Belfast Telegraph

Press ombudsman 'needed in NI'

A press ombudsman should be appointed in Northern Ireland to help bereaved families suddenly thrust into the media spotlight, according to a charity representing relatives of murder victims.

More sensitivity needs to be shown by news outlets covering people caught up in tragedy, according to Support after Murder and Manslaughter (Samm NI).

The group said a robust regionally based complaints procedure, with an ombudsman as point of contact, would assist families who feel aggrieved by elements of the press.

The call forms the basis of Samm NI's submission to the ongoing Leveson Inquiry into media practices and is based on the findings of research commissioned from the University of Ulster.

Samm NI's volunteer co-ordinator and chair Pam Surphlis, whose father Rev Eric Davidson and sister Judith were found murdered in his Cookstown home in 1992, said she wanted journalists to show more humanity in their dealings with victims.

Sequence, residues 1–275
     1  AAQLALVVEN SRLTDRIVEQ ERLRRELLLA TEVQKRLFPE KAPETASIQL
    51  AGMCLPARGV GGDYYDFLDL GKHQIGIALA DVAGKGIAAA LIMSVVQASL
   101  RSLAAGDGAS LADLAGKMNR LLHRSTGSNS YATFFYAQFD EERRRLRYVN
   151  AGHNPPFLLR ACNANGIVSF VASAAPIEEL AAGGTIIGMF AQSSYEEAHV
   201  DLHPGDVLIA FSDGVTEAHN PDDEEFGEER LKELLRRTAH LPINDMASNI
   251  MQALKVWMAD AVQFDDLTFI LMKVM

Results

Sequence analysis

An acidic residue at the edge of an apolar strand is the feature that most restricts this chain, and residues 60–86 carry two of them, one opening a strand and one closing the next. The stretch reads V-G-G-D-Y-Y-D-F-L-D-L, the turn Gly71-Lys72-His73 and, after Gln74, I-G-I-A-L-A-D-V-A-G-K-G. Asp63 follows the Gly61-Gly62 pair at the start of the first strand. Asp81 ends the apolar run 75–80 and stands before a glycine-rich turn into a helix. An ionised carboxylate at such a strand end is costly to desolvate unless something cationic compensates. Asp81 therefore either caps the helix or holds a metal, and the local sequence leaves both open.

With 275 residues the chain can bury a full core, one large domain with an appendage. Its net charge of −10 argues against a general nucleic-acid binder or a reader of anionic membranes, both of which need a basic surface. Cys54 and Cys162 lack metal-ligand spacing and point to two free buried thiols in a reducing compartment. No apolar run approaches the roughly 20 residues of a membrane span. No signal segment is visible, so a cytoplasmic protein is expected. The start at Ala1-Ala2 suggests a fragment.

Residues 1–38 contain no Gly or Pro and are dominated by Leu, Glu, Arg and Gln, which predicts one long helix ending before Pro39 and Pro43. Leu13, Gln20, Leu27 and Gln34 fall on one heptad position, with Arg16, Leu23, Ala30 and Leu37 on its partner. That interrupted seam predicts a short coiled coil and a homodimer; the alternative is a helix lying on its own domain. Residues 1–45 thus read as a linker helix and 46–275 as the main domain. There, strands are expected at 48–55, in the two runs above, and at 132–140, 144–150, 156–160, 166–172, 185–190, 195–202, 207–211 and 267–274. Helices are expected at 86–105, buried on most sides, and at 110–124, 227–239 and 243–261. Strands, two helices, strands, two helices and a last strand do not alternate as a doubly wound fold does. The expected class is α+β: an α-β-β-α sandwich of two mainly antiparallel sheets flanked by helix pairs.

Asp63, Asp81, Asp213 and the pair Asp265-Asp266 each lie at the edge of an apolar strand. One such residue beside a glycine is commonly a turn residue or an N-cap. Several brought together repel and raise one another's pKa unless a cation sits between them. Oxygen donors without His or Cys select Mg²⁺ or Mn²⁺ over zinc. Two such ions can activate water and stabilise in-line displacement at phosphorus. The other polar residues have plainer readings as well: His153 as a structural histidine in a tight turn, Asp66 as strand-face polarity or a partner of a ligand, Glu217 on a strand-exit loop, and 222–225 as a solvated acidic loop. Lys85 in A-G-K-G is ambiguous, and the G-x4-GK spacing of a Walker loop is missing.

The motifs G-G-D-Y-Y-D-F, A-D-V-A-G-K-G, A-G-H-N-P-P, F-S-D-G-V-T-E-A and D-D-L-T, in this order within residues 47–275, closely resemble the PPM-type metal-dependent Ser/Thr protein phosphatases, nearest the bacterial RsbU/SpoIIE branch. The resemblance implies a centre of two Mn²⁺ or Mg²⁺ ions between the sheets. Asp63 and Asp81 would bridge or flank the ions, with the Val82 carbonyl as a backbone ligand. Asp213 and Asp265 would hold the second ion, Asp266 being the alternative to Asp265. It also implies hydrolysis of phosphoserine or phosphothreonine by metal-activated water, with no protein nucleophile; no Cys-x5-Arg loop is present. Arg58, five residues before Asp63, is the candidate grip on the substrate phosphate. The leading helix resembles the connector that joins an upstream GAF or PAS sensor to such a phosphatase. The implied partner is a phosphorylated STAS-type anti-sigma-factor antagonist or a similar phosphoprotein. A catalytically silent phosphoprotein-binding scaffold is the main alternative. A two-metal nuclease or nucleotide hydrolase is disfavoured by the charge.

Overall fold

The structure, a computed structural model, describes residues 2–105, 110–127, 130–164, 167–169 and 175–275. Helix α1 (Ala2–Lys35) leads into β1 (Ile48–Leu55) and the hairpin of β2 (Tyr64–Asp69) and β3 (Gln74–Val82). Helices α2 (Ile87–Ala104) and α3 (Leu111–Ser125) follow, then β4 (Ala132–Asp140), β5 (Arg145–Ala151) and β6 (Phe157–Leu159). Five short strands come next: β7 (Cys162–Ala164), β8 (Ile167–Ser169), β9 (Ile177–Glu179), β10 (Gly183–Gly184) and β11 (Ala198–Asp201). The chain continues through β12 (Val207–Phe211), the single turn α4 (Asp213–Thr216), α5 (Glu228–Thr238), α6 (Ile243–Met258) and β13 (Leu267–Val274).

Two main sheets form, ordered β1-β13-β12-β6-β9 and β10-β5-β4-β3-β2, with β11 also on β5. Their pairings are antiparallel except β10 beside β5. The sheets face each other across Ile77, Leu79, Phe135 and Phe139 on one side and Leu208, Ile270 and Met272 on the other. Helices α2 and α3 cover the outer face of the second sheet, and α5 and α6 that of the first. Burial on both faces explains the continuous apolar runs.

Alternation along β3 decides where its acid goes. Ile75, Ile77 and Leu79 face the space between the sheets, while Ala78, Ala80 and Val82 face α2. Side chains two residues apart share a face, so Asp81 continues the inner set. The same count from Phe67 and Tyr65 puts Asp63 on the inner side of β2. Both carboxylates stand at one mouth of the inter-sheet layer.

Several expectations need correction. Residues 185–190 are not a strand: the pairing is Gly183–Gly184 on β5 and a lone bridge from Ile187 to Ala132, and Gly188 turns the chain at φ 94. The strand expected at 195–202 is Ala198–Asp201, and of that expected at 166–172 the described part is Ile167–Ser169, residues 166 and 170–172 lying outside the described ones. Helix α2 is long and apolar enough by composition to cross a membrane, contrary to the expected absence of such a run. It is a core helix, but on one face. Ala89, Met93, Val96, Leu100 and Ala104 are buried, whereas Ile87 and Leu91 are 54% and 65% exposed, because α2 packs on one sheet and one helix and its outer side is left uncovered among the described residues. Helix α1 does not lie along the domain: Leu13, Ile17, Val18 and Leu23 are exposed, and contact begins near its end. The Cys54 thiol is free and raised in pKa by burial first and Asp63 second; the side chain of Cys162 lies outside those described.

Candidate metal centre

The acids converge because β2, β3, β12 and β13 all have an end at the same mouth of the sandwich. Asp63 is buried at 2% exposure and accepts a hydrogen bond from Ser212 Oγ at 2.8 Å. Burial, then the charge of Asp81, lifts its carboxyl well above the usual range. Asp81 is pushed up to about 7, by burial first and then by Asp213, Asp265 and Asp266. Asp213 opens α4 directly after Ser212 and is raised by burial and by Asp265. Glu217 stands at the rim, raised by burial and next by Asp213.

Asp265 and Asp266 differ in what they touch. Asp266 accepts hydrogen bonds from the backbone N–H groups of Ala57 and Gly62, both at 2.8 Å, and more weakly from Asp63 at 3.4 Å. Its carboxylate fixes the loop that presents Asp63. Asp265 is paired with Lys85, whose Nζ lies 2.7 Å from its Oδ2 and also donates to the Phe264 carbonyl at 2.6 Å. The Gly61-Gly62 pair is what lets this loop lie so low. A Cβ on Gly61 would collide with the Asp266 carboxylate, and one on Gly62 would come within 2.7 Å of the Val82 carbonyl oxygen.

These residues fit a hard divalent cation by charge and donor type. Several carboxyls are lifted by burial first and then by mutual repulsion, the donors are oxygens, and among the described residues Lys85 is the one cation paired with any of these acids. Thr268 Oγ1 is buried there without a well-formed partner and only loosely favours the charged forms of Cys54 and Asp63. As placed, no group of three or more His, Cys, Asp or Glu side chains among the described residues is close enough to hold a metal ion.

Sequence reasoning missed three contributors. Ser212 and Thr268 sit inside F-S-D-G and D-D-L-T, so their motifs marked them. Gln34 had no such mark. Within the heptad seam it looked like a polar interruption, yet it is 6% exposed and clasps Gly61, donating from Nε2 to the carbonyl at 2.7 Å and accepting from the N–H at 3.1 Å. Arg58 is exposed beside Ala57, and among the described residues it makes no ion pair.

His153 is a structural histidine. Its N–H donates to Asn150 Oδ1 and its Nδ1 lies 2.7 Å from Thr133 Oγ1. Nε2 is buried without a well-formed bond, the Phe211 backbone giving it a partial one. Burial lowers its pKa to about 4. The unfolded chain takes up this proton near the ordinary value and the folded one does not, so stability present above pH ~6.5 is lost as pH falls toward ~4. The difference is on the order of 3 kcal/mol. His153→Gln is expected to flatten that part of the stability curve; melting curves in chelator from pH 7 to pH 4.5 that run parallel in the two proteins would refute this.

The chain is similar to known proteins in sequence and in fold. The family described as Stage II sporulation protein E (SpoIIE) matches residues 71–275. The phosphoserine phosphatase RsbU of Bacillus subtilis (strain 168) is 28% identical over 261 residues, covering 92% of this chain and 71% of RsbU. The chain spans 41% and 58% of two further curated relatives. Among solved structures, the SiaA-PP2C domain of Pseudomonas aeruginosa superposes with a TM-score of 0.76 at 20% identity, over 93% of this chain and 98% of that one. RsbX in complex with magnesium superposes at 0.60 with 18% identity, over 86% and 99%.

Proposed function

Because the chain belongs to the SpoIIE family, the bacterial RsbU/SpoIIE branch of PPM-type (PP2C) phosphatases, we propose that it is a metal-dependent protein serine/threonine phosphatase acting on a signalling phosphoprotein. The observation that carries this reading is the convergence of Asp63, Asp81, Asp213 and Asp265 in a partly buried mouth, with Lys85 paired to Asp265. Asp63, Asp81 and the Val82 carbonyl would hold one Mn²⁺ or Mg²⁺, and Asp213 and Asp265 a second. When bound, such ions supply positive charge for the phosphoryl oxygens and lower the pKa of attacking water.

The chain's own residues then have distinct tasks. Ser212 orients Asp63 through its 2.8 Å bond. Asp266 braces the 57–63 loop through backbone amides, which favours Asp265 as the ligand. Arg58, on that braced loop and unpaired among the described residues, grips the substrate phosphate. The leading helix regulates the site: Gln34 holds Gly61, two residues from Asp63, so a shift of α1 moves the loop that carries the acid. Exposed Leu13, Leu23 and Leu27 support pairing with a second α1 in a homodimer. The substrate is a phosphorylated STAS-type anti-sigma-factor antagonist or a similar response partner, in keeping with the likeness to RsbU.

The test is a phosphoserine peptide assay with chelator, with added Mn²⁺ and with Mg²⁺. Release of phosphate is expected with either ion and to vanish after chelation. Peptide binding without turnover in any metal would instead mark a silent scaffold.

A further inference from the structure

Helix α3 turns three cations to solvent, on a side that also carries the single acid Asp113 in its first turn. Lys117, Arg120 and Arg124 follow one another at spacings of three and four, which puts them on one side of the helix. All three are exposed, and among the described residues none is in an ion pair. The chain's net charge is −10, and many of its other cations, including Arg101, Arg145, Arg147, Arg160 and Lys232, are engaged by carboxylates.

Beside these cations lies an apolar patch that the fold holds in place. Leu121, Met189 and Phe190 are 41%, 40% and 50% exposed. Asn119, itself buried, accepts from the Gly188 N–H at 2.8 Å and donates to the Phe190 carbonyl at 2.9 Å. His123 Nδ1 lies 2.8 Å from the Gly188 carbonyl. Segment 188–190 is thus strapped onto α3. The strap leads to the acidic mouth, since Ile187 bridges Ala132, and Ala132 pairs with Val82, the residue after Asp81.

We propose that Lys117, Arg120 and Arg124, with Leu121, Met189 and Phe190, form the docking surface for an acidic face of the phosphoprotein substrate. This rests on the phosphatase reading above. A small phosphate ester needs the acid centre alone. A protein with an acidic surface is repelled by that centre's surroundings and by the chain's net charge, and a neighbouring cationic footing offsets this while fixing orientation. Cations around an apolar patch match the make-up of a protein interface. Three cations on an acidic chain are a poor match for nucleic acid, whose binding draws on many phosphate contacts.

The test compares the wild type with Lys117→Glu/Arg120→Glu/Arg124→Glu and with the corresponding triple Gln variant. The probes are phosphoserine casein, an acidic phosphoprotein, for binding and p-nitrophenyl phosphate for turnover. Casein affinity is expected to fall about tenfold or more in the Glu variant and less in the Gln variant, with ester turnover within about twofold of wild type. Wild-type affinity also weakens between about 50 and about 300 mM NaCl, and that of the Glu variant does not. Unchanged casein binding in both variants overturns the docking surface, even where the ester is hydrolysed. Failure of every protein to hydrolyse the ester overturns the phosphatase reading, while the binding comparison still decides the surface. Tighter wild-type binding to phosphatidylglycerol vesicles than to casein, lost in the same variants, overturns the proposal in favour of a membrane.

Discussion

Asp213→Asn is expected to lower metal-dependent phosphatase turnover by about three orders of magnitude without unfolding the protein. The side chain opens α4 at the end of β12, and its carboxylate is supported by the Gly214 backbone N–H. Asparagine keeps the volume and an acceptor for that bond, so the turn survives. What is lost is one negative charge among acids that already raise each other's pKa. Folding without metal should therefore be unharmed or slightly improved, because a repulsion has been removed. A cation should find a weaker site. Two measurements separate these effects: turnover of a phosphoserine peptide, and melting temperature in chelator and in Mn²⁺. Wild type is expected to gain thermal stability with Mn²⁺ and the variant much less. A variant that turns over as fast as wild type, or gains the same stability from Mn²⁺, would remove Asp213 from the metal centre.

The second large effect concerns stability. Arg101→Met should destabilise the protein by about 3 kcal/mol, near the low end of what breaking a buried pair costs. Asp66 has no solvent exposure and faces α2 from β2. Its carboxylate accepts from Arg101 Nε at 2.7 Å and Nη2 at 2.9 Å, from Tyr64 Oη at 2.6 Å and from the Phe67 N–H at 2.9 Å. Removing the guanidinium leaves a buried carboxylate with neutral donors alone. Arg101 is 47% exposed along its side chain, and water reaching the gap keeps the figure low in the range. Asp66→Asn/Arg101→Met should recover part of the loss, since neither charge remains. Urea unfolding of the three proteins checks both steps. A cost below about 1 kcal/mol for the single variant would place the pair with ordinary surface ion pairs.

"The people I represent never wanted to be in the media, but were thrust there because a loved one has been killed," she said.

"They are in shock, some are deeply traumatised, none has experience of dealing with the press. All we are asking is for some sensitivity, a recognition that journalists can add to the pain and suffering of victims if they go about their business in the wrong way."

Samm NI is calling for a new code of conduct that would see journalists recognise a family's fears that speaking to the media might prejudice a legal case and refrain from intrusion at funerals or "door stepping" family members for information or interviews.

Mrs Surphlis said: "Families here are unaware of how to make a complaint about media attention and often feel the Press Complaints Commission only monitors the press in Great Britain. A local ombudsman would give families great comfort.

"Information on handling the media and how to complain should be included in the bereavement guide given to all families after a murder. The ombudsman could also ensure ethics are included in journalism training, and that journalists are offered and avail of ongoing refresher courses."


From Belfast Telegraph